. . . and that’s unusual.
And not because I don’t like Wesley. I do. Very much. Thank God he believed in free will.
But it’s unusual because I find that most people coming into the church have no awareness of him or his influence.
Even lifelong Methodists have only a passing knowledge. So given that context, I typically spend more time talking about Jesus than John Wesley.
But yesterday was the exception. And I quoted these entries from his diary:
Sunday a.m., May 5 — Preached in St. Ann’s; was asked not to come back anymore.
Sunday p.m., May 5 — Preached at St. John’s; deacons said, “Get out and stay out.”
Sunday a.m., May 12 — Preached at St. Jude’s; can’t go back there either.
Sunday p.m., May 12 — Preached at St. George’s; kicked out again.
Sunday p.m., May 19 — Preached on the street; kicked off the street.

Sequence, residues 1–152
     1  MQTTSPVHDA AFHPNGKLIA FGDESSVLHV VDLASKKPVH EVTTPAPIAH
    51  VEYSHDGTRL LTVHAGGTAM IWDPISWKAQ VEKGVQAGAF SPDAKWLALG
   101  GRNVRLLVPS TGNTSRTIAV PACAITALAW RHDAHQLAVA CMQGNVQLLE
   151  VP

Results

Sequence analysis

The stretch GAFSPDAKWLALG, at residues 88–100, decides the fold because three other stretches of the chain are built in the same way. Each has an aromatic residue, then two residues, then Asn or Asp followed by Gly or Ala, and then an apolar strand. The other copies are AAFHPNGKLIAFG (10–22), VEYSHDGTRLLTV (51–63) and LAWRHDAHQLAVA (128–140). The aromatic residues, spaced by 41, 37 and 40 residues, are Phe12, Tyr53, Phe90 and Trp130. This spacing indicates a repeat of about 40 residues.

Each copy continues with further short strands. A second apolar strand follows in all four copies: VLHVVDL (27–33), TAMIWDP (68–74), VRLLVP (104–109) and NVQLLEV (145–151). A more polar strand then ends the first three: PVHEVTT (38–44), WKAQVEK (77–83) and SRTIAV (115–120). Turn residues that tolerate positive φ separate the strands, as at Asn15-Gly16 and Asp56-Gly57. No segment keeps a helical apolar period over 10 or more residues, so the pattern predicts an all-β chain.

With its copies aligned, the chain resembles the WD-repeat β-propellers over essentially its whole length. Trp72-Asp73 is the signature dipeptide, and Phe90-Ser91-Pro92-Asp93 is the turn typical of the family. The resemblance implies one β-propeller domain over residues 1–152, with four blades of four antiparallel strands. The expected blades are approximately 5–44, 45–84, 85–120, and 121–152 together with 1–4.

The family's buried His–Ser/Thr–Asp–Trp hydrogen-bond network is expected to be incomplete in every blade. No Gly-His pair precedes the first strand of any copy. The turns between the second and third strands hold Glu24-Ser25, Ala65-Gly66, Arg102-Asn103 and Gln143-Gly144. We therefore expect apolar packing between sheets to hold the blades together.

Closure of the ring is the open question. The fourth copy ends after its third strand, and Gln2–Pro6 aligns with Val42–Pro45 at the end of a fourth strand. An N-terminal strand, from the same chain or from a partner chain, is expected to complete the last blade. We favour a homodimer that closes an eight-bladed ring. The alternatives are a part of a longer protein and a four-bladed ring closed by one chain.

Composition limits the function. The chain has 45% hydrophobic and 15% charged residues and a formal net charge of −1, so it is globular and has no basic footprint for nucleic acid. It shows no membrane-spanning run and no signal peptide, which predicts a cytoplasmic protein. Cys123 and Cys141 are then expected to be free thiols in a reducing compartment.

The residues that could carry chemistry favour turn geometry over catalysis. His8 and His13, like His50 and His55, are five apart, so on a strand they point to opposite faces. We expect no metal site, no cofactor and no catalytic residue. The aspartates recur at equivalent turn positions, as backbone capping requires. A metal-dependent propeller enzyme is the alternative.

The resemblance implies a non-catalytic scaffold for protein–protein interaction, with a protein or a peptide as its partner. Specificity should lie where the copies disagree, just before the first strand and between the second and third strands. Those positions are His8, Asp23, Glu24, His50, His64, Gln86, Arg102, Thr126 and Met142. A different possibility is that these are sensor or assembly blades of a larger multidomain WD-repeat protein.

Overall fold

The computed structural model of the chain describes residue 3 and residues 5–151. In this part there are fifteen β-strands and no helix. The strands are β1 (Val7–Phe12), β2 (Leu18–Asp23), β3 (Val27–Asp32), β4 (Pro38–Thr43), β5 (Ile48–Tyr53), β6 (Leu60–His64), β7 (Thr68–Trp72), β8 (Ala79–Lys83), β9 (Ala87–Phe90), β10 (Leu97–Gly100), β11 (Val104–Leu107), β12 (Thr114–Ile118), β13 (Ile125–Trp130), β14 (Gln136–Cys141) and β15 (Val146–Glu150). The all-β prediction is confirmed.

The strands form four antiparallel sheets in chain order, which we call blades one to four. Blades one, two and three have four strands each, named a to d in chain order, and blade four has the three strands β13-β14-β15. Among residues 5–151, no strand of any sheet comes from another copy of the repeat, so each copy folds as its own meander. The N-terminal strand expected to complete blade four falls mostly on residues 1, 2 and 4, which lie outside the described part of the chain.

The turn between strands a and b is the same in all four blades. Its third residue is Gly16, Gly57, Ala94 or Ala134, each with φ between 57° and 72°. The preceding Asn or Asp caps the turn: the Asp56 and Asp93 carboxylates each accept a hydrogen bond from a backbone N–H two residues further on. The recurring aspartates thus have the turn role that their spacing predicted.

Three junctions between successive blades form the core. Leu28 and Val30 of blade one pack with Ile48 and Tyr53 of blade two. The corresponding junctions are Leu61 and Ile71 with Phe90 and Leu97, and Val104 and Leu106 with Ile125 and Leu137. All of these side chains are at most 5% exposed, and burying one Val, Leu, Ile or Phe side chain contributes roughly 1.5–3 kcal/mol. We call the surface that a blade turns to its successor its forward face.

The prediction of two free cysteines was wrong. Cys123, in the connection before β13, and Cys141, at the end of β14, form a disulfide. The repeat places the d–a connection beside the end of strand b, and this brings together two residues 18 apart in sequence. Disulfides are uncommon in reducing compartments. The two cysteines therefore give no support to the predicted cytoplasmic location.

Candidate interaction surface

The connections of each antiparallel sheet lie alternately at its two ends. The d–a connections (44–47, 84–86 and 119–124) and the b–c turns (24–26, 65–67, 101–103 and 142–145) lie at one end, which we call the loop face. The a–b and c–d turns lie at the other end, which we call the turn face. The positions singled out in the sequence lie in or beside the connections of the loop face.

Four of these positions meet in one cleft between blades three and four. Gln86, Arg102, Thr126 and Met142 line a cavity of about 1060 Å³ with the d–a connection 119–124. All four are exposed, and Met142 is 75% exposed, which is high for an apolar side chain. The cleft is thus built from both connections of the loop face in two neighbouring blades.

Sunday a.m., May 26 — Preached out in a meadow; chased out of meadow when a bull was turned loose during the service.
Sunday p.m., June 2 — Afternoon service, preached in pasture . . . 10,000 people came.
That’s perseverance, isn’t it?
And it goes to show the people most often opposed to a great move of God are . . . the people of God themselves.
It all supported yesterday’s idea: your critics are REALLY just the motivators of your ambition.
*From More Perfect Illustrations, Tyndale House, p. 206